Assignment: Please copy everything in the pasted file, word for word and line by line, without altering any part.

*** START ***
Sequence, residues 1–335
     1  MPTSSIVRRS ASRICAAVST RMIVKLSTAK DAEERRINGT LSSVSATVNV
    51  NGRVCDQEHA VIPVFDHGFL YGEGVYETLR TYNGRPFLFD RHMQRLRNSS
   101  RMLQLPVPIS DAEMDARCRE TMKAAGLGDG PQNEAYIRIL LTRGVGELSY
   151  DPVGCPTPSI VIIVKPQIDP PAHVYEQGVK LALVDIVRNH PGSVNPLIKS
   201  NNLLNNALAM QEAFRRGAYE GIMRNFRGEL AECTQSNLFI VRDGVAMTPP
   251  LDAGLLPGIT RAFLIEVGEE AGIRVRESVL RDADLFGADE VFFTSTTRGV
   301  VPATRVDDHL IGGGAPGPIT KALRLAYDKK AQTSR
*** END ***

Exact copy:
Sequence, residues 1–335
     1  MPTSSIVRRS ASRICAAVST RMIVKLSTAK DAEERRINGT LSSVSATVNV
    51  NGRVCDQEHA VIPVFDHGFL YGEGVYETLR TYNGRPFLFD RHMQRLRNSS
   101  RMLQLPVPIS DAEMDARCRE TMKAAGLGDG PQNEAYIRIL LTRGVGELSY
   151  DPVGCPTPSI VIIVKPQIDP PAHVYEQGVK LALVDIVRNH PGSVNPLIKS
   201  NNLLNNALAM QEAFRRGAYE GIMRNFRGEL AECTQSNLFI VRDGVAMTPP
   251  LDAGLLPGIT RAFLIEVGEE AGIRVRESVL RDADLFGADE VFFTSTTRGV
   301  VPATRVDDHL IGGGAPGPIT KALRLAYDKK AQTSR